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WB Coatings - successive layer orange peel texture10/23
I've been spraying clear and pigmented SW Kem Aqua+ for 2 years now on various casework/kitchens. My typical pigmented schedule is 1x coat of SW KA+ surfacer followed by 2x pigmented topcoats. I am using a good-quality Lemmer PP setup with a Lemmer conventional 1.4mm tip gun @ 42-45psi on the gun and 10psi fluid pressure. My surfacer coat lays fine. I apply my first topcoat for build at recommended mil thickness and it lays down wet, looks good, and dries good. My second coat is applied exactly the same way, looks good, but most always has a very "large texture" very slight orange peel texture to it. It is more pronounced in reflected light. The first topcoat always looks better than the second, it just lacks any build. The problem only becomes more pronounced the more topcoats I add to the system… as in, if I have to reshoot a door to repair a finish defect, the 3rd topcoat has this orange peel texture more pronounced. It has happened to me with the SW KA+ as well as MLC’s Agualente and Magnamax H2O.
My wife can see it when I point it out but I haven't had any clients complain. I'd love to get to the bottom of what causes it. I’ve tried several guns, tried higher and lower atomizing pressure, tried heavier wet mil applications, etc. Anyone have any thoughts?
Yep, been liv\ing with this same problem forever. I don't have a good solution. Sometimes it seems to work fine, so I've always suspected that time between coats had something to do with it. Maddening when it happens.
The joys of waterborne.... since your already using sherwin products go ahead and switch over to the sayerlack side of sherwin for waterborne.... we tried for years to get the kem-aqua to behave predictably but never really had success.... We only use waterborne when forced to for specific green jobs... otherwise we spray the good stuff! when i do have to go waterborne the sayerlack does perform a little better for us. The trick is reduction and retarding... make sure your reducing with distilled water only at 10-20%.... we also retard with propylene glycol at 10%... Reducing and retarding these this way makes it lay out a ton smoother... Water always looks like crap until it shrinks back an hour later..
they dont like to lay without a full sanding, you have to have a complete scratch to flow over the previous coat
Id argure that the water tends to look better the next day ;-). The shrink back is definitely better with time.
I find with water de-nibbing with a much higher grid than you'd normally use makes a huge difference in how the second coat lays out.
Ever more, the commercial jobs we are bidding spec' water so o'pyning(sp) over "the good stuff" seems a lost cause. If we want the job, and the paycheck, you just put up or shut up.
Thanks for the responses folks.
Shane: are you suggesting to retard at 2 parts, reduce at 1 part, and have 7 parts waterborne finish? That sounds very runny... I did try and source Sayerlack, but it had to come to me through a SW product finishes department store (4 hours away) and it just isn't going to work for color matches etc. I would still like to try some of the clear though for drawer boxes and the like.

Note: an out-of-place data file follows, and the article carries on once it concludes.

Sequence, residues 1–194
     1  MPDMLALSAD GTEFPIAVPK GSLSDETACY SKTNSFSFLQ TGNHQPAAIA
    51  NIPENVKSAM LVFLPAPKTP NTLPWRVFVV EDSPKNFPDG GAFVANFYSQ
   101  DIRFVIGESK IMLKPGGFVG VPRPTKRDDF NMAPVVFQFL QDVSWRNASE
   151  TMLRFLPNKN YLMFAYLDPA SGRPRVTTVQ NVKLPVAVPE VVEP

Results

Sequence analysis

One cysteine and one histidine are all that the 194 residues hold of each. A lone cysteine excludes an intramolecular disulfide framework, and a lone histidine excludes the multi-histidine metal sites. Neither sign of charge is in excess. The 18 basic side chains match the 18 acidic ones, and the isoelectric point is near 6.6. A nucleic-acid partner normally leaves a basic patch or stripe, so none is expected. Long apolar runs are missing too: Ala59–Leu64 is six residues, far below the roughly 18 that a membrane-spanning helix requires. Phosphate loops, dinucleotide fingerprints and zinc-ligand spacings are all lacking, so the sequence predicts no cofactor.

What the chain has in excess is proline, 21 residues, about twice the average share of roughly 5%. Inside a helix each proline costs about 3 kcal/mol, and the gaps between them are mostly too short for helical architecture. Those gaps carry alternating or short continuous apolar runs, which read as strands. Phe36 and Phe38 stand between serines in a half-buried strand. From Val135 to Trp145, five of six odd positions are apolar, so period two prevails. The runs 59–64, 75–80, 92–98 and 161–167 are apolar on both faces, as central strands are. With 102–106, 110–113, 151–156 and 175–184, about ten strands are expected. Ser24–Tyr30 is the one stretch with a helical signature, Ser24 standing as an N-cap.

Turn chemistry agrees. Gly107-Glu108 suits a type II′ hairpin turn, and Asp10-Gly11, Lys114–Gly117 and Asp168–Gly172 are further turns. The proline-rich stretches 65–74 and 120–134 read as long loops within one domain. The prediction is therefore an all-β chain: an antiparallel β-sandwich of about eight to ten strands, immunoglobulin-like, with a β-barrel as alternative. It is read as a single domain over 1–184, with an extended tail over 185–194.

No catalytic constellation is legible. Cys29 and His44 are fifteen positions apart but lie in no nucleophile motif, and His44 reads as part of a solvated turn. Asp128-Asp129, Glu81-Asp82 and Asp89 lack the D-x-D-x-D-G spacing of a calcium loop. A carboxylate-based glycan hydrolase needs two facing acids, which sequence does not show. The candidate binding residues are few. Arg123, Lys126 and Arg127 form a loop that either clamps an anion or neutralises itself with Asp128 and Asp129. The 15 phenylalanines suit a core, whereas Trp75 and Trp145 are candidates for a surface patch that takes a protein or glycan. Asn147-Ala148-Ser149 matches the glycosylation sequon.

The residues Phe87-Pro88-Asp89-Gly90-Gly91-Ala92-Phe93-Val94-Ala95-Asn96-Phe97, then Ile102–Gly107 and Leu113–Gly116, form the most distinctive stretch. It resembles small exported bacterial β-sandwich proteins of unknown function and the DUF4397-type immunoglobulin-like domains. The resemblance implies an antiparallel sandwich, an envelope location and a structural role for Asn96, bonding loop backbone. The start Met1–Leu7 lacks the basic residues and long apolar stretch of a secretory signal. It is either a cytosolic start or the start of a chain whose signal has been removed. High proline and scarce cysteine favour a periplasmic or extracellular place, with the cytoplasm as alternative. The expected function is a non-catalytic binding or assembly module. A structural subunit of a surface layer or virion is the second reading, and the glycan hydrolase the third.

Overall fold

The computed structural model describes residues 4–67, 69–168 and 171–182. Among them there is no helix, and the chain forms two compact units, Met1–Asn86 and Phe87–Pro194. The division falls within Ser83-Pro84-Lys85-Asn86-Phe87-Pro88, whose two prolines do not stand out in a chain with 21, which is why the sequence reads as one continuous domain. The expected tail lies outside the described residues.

Jon: I do scuff sand between coats with 320gr. I was using 220gr but could see some of the scratches under the topcoat. What are others using for their scuff coat?
Mark: higher grit for scuff sanding as in go up past 320gr (600gr) or down to 220/180gr?
I do agree that the finish most ALWAYS looks better the next day. My rep keeps pushing me onto solvent borne solutions from MLC... but I like the water stuff, and my spray booth is not explosion-proof. I have made it work, and as said no complaints from customers. I'm just always trying to improve both my spray and finishing techniques - hence why I'd like to solve the orange peel look. In a way, it makes me feel slightly better that others are suffering too lol.
First thing I would try is a bigger tip, 1.4 is more for an automotive finish. A problem with most guns that are decent quality , but not high end, and are available all over the place, even places like harbour freight, is they are built and sold with the person who is going to paint their vehicle in mind.
Your setup might be off.
You are putting a thick finish thru too small of a tip with not enough pressure.
I set the tank pressure with the beer piss method. Start at 10 and work your way up towards a max of 20(thick primer). When the stream has a nice long arcing stream like a beer piss you are golden
I could never get KA+ to lay out well, even on the first coat, until I started adding extender/retarder to it. 3% of GF's Extender and it was a whole new world. I actually enjoyed spraying it after that. FWIW, I was using a 1.3 mm N/N set with 5 psi on the PPS cup and 29 psi inlet pressure.
Also, Lenmar's Duralaq-WB lays out beautifully for me straight from the can.
No offense taken Scott. I guess I'm just not good enough to spray uniform coats w/o runs or pooling at inside corners with a larger N/N and higher flow.